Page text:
In about ten days, the most broadcasted political event on earth will take place in Hofstra University, Hempstead, NY, on Monday, September 26th. That is when Hillary Clinton, the Democratic Party’s candidate, and Donald Trump, the G.O.P.’s candidate, will face each other in the first presidential debate of the 2016 general election.
It is expected that this debate (and the following two more between both candidates) is going to be the most watched in recent years, especially because of Mr. Trump’s entertaining presence. September 26th happens to be the 66th anniversary of the first 1960 presidential debate between John F. Kennedy and Richard Nixon.
The showdown between them was the first nationally televised presidential debate in the history of the United States. Sixty-six years later, Ms. Clinton and Mr. Trump will face each other in a time when the dominance of the image over the speeches seems to be in its highest level, as suggests James Fallows in his article published in The Atlantic’s October issue.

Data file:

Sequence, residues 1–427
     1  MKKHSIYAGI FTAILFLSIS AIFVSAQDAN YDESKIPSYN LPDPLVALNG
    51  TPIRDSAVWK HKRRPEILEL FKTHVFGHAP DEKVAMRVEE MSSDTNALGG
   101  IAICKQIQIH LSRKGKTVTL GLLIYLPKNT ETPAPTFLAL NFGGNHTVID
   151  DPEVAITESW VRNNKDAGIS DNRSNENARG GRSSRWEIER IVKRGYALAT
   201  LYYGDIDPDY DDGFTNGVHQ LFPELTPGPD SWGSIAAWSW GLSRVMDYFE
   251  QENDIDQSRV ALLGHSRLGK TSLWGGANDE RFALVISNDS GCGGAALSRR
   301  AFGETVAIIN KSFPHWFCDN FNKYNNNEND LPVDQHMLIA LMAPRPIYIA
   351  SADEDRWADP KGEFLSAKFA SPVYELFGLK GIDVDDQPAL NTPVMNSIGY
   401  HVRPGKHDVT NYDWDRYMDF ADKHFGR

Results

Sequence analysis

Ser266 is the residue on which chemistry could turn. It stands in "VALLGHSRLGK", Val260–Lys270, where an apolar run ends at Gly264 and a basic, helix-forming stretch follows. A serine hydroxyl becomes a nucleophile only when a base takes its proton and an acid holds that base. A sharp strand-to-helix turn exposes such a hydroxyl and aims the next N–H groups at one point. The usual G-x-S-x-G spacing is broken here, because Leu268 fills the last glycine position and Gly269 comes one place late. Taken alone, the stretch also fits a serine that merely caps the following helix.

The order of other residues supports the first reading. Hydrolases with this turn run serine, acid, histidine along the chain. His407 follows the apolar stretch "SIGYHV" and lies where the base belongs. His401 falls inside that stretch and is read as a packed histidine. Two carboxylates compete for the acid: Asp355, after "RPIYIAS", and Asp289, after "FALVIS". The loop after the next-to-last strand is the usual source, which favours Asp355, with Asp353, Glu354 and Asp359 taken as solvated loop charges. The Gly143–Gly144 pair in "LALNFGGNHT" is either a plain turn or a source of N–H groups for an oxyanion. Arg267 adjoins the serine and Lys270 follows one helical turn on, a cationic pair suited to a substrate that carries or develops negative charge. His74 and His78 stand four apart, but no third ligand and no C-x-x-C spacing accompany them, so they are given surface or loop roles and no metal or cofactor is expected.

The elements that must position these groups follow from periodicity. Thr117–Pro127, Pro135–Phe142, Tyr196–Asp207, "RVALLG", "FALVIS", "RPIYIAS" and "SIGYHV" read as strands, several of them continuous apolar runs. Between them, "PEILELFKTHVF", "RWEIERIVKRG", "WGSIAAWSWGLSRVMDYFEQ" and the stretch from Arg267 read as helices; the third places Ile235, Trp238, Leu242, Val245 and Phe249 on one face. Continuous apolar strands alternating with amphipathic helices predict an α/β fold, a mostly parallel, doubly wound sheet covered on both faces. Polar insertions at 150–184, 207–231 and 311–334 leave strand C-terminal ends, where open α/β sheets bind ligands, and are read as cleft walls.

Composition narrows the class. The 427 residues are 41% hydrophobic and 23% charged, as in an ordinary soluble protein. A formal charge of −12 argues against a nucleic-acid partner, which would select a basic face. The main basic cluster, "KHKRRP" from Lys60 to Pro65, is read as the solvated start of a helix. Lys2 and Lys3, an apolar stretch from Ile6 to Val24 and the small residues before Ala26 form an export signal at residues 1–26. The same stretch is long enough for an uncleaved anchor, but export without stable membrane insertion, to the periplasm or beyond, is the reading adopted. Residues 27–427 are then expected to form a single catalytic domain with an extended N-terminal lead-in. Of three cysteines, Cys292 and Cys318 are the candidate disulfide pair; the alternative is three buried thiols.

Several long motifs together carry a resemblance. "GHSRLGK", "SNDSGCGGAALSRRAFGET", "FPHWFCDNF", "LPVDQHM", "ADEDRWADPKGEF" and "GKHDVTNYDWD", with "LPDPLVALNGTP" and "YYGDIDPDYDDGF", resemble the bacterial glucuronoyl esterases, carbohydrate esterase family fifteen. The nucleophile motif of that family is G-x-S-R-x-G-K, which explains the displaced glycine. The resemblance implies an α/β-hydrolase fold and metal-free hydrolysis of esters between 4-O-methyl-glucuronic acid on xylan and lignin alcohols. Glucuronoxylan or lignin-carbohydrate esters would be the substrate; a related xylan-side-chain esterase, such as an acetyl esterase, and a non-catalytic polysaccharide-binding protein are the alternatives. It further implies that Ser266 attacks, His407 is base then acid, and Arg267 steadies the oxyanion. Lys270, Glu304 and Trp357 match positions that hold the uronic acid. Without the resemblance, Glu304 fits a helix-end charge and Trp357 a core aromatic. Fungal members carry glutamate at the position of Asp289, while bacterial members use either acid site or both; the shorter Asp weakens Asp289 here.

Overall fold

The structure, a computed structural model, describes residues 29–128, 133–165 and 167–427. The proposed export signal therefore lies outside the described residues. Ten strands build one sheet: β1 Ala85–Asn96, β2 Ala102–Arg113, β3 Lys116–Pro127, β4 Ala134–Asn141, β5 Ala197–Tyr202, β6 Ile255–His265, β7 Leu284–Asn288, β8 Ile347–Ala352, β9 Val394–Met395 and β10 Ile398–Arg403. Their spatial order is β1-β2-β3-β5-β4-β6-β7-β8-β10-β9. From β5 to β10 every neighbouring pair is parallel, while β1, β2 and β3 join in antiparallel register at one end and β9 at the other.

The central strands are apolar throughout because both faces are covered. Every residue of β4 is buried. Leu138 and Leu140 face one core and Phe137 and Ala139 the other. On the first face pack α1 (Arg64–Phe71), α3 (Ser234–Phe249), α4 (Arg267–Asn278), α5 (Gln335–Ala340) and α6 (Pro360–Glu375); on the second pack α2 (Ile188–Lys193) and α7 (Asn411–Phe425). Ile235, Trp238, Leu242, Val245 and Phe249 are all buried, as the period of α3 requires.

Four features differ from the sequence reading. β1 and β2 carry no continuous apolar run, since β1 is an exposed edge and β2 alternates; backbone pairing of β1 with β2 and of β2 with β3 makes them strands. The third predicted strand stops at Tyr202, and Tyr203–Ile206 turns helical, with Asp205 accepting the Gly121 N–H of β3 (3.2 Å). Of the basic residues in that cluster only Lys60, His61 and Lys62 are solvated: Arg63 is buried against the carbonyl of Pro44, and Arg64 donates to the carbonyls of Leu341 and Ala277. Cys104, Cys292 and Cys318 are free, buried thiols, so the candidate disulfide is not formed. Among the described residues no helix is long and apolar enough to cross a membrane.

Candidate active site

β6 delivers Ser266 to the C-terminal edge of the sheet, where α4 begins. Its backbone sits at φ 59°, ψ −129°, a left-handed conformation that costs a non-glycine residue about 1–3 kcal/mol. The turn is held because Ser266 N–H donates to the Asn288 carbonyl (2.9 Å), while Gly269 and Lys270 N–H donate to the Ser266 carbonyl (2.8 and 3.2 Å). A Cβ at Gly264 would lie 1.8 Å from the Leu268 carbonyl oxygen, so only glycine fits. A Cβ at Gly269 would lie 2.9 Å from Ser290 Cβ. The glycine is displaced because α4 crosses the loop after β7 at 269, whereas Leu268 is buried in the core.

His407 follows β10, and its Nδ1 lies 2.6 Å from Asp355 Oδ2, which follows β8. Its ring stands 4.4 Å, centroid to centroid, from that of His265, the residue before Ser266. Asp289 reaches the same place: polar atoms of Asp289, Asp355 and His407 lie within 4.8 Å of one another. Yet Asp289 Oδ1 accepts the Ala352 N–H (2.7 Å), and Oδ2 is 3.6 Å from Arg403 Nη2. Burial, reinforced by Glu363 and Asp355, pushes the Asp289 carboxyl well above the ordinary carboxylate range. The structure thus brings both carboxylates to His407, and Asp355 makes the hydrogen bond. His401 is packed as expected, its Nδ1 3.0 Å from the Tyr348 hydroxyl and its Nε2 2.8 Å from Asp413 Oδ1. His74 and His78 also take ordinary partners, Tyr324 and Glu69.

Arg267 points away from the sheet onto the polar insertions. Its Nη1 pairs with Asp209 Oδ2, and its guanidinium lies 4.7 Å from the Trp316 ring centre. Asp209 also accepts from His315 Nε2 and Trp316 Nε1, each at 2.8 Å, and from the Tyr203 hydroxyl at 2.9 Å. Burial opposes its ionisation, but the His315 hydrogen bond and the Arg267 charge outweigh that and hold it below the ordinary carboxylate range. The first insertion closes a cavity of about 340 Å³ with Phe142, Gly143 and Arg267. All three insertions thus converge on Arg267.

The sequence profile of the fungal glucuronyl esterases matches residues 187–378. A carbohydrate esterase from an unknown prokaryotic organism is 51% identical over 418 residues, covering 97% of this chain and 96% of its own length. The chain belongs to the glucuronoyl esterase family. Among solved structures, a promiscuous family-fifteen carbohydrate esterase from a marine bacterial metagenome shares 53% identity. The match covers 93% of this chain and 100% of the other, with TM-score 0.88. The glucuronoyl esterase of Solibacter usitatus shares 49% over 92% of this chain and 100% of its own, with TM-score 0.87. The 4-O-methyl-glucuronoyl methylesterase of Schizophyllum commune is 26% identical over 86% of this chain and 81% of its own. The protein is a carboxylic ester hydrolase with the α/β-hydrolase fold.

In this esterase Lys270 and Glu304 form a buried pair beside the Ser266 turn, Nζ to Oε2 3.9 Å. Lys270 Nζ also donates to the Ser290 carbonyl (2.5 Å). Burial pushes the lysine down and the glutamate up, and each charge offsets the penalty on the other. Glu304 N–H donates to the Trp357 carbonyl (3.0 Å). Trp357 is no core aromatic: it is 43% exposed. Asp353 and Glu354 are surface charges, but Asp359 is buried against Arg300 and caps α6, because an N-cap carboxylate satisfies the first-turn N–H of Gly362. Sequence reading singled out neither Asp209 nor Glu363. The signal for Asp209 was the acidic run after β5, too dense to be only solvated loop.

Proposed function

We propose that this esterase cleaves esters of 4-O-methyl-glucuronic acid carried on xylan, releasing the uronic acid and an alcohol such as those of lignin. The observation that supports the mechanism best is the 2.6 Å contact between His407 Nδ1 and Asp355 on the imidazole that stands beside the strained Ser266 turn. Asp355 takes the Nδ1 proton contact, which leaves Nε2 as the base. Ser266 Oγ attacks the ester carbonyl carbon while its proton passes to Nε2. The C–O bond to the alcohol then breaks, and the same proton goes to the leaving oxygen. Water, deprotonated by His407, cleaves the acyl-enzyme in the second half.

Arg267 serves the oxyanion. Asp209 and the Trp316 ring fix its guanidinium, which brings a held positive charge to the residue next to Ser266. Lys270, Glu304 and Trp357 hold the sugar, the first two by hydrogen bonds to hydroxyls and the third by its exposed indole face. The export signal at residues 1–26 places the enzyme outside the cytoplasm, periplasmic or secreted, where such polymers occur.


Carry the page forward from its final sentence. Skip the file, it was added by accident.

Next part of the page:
Because of this dominance of the image over the words, we can say that the debates are a television event. In that sense, how should the press cover the presidential debates in the social media era?
The New York Times will have 30 journalists working in the coverage of the first debate, according to Carolyn Ryan, the paper’s politics editor. Among them, only three will be at the debate arena itself. The rest of them will work in fact checking and the main stories for the website and the next day’s print edition.
The main feature, however, will be a live chat on the paper’s webpage. According to Ms. Ryan, four reporters will work as moderators of the chat and some quick highlights of the real-time fact checking can be shared with the participants. “The people can come to the website and react,” said Ms. Ryan to WPI fellows after the news hurdle meeting last Thursday.